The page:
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The authors present results from a retrospective chart review demonstrating effective management of exudative AMD using anti-VEGF/photodynamic combination therapy. Possible implications of these findings for clinical practice are also discussed.
Take-home message: The authors present results from a retrospective chart review demonstrating effective management of exudative AMD using anti-VEGF/photodynamic combination therapy. Possible implications of these findings for clinical practice are also discussed.
By Dr Kent Small, Mr Fadi Shaya, Dr Rosemary Silva-Garcia and Ms Colleen McLellan
The standard treatment options for neovascular age-related macular degeneration (AMD) includes photodynamic therapy (PDT) and intravitreal injections of anti-VEGF.1 Studies have shown that anti-VEGF injections are more effective than PDT as a monotherapy, still, anti-VEGF injections given at intervals ranging from 4 to 8 weeks are usually required to control neovascular membranes in wet AMD. Intravitreal injections are performed daily and although some complications can be associated with severe vision loss, risk is low when performed properly. Complications include retinal tears, retina detachments, vitreous hemorrhage, uveitis, and endophthalmitis.2–4 Previous studies have suggested that visual acuity (VA) outcomes are comparable between anti-VEGF monotherapy and anti-VEGF/PDT combination treatment, the latter with significantly fewer interventions.3,5 With further studies, a combination approach may reduce the overall need for AMD treatments as well as their potential for ocular or systemic complications.
Our study consisted of a retrospective chart review (26 patients, 29 study eyes) from a retina specialty practice in Los Angeles, California, US, for whom combination treatment with anti-VEGF injection (bevacizumab) and PDT effectively halted the growth of neovascular membranes and the need for further treatments in one or both eyes for at least 1 year. Charts were reviewed for up to 5 years for the eyes remaining during this period. Collected data included: visual acuity (VA), central retinal thickness, intraocular pressure (IOP) and history of glaucoma, wet AMD onset and treatment history, concomitant use of anticoagulants and past history or development of cerebrovascular or cardiovascular disease. Visual acuity was measured using Snellen charts and Optical Coherence Tomography (OCT) was performed using either a Carl Zeiss OCT 3 Stratus (Carl Zeiss Meditec AG, Jena, Germany) or OPKO SD-OCT (OPKA Health Inc., Miami, Florida, USA). Descriptive statistical analyses were performed, as the dataset was too small for meaningful comparative statistical analyses.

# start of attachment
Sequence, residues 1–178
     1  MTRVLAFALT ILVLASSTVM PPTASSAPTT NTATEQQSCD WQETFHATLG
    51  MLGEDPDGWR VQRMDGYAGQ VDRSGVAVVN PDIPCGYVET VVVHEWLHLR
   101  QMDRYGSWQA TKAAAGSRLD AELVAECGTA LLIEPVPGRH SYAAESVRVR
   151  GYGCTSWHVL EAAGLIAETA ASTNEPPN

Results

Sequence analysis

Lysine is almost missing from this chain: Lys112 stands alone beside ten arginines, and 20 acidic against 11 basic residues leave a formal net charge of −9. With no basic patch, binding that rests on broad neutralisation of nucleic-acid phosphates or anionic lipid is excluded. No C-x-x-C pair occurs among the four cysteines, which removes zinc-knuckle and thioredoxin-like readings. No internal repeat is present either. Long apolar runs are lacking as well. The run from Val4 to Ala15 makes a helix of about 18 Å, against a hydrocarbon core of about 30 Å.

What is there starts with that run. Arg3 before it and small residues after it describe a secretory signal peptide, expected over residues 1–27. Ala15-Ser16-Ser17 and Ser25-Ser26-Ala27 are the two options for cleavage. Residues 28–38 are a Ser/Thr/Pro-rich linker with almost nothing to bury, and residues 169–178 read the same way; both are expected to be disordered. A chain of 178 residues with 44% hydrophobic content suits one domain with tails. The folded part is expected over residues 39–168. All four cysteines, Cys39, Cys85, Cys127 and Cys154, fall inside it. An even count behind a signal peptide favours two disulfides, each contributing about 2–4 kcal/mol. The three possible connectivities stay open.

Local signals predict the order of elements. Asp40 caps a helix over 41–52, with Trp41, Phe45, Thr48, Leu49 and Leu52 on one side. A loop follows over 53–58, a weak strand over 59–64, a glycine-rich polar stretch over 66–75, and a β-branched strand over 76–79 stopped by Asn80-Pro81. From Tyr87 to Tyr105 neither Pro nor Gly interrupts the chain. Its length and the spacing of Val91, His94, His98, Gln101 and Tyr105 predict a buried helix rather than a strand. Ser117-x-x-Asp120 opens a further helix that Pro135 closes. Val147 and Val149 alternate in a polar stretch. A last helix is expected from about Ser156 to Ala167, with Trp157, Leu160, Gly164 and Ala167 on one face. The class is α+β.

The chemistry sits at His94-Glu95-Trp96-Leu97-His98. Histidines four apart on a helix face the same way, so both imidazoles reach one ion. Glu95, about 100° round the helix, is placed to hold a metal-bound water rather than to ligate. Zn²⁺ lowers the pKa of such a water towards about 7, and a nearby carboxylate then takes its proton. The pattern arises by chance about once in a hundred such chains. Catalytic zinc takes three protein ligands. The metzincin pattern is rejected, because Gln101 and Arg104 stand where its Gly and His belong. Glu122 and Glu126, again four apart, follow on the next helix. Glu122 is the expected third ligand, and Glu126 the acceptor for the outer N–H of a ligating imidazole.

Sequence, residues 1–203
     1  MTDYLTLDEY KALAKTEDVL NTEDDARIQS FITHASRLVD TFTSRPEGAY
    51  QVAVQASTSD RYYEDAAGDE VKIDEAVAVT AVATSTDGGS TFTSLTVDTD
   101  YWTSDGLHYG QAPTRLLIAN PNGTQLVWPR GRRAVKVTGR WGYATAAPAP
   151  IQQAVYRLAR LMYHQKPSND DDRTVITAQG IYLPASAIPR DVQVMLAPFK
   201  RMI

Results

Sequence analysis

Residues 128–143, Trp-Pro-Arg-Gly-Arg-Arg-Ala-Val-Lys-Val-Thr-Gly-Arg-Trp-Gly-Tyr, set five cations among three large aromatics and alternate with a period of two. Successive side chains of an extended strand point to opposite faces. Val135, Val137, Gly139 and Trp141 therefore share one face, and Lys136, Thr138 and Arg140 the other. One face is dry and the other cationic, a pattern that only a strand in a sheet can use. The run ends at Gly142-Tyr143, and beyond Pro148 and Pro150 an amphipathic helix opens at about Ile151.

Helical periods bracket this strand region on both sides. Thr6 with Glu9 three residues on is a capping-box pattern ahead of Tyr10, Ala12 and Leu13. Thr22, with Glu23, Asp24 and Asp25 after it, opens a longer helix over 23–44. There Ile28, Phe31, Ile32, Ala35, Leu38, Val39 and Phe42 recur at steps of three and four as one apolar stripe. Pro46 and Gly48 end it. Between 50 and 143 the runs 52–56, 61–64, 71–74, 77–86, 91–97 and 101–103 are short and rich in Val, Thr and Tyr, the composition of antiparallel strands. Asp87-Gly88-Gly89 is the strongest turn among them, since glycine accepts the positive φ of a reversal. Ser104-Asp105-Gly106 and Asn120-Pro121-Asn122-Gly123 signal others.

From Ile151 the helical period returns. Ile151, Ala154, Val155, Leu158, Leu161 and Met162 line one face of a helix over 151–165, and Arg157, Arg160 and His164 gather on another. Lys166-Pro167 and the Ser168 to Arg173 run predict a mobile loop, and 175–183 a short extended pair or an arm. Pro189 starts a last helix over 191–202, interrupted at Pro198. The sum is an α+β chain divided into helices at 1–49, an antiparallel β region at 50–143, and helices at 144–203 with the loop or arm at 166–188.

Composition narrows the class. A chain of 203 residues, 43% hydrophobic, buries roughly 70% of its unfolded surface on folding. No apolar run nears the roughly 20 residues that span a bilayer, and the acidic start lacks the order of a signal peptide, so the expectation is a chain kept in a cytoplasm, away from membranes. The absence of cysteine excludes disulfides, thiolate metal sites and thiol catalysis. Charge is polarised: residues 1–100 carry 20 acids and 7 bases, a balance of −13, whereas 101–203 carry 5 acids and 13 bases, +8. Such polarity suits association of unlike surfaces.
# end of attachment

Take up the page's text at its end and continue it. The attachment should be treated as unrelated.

Eight out of the 29 eyes studied were from 4 patients with bilateral exudative AMD. Overall mean age at the time PDT plus anti-VEGF therapy was 80.2 years (range 67 to 92 years). Prior to effective combination therapy, the study eyes on average were treated with 5 anti-VEGF injections (range; 1–18) or 2 PDTs on average of 2 (range; 1–8) as monotherapy. Most eyes had large chronically active CNVMs. Monotherapy was administered for an average of 16.13±17.35 months before CNVM was stabilized by combination therapy and required no further treatment for at least 1 year. Median VA before and after effective combination treatments are shown in Table 1. The mean changes in central macula thickness from baseline (prior to effective combination therapy) over 5 years are represented in Figure 1. Mean changes in IOP readings are presented in Table 2.
In managing any disease, one goal is to achieve the best outcome possible with the fewest interventions. Combination therapy of anti-VEGFs with PDT may offer such possibility. Anti-VEGFs have been a great advancement in wet AMD; nonetheless, they may also increase healthcare expenses.7 Besides financial concern, the need for frequent injections places burden on patients, families, and clinics.
New data suggests anti-VEGF injections are associated with increasing risk of glaucoma in addition to the risks mentioned above. One study found that with two or more intravitreal anti-VEGF injections, an IOP elevation of >5 mmHg from the baseline becomes more likely.8 Secondary glaucoma and other aforementioned side effects are factors in determining duration and frequency of care for exudative AMD.